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Tuning in to Telesur's agenda
We look at how 'Latin America's CNN' is dividing regional opinions over its credibility and allegiances.
Last Modified: 22 Sep 2012 14:12

Like other relatively new international news channels such as Russia's RT, Iran's Press TV, China's CCTV and France 24, Telesur is government-backed. Inspired by Hugo Chavez, the Venezuelan president, and jointly-funded by other left-wing governments in the region, the channel was designed to provide an alternative to Latin America's privately-owned media conglomerates, the bulk of which lean to the political right.

Depending on who is writing the reviews, Telesur is either a pioneering and much needed media voice or a mere propaganda tool for Chavez and his political allies.

When audiences tune in to Telesur, what they see on their screens is different: Extensive coverage of social movements around Latin America and beyond; round table discussions on the Western world's financial crisis; documentaries highlighting the plight of the continent's indigenous peoples.

"The motto of Telesur itself is 'our north is the south'. That is to say that the objective is to tell the south about the south, by the south itself. It's something that’s never been done in the past."

-Francisco Dominguez, the head of the Centre for Latin American Studies at Middlesex University

But to engage an audience - you have to find one.

Telesur has a distribution problem: It has had trouble making deals with regional cable companies and has even claimed that it is a victim of a boycott. In 2008, the channel said it was reaching three million homes by cable - about one quarter of CNN Espanol's audience.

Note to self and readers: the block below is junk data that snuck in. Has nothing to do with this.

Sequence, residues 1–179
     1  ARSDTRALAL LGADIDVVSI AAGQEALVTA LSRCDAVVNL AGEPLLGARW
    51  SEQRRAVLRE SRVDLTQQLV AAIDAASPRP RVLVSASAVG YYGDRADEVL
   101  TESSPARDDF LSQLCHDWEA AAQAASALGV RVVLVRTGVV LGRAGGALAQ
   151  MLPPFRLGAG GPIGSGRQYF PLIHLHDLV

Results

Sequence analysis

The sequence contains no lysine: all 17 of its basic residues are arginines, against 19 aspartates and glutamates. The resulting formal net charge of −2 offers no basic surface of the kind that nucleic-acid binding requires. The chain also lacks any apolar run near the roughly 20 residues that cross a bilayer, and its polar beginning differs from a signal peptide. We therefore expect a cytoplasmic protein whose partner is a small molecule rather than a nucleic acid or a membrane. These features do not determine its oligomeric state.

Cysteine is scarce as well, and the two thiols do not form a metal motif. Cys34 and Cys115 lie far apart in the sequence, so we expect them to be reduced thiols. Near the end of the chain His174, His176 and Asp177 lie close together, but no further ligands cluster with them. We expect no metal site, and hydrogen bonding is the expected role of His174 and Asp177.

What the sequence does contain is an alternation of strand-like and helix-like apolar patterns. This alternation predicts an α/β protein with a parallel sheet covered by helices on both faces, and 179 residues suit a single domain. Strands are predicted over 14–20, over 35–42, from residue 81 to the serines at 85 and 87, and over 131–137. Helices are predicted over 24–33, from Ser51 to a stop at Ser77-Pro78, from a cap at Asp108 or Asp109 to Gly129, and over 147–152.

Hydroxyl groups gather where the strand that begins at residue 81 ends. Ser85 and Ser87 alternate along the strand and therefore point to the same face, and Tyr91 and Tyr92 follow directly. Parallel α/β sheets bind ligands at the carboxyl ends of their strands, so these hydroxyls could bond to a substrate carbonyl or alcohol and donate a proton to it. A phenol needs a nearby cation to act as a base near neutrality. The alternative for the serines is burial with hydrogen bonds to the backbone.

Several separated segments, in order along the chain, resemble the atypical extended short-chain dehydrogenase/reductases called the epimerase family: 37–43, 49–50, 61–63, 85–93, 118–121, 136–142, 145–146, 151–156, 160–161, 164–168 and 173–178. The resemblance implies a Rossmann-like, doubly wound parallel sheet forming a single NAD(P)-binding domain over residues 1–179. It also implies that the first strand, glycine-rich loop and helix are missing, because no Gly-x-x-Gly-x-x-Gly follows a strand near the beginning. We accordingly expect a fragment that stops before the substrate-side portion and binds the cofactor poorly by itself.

There are also questions about funding. When the channel launched, governments around the region pledged money. But ask Telesur who funds the channel today and the story gets murky - which only goes to reinforce the notion that Telesur is TeleChavez in disguise.

Then there is the issue of editorial balance and credibility.

There is little doubt that the channel reflects the Venezuelan government's own politics - and sometimes its foreign policy. During the Arab Spring, if Muammar Gaddafi and Bashar al-Assad were looking for positive coverage, they found it on Telesur.

And this year's presidential elections in Venezuela are expected to show how objective this so-called international news channel really is. While it may be comprehensive will it be balanced? And can it bring in a wider audience or will it be preaching to the converted?

"I don't think that it's balanced at all - it's the same as all the other propaganda projects Chavez has. It would be marvellous if Telesur could be the voice of all Latin Americans, but it's not, it's just one voice."

Maria Fernanda Flores, the president of Globovision 

 

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Source:
Al Jazeera
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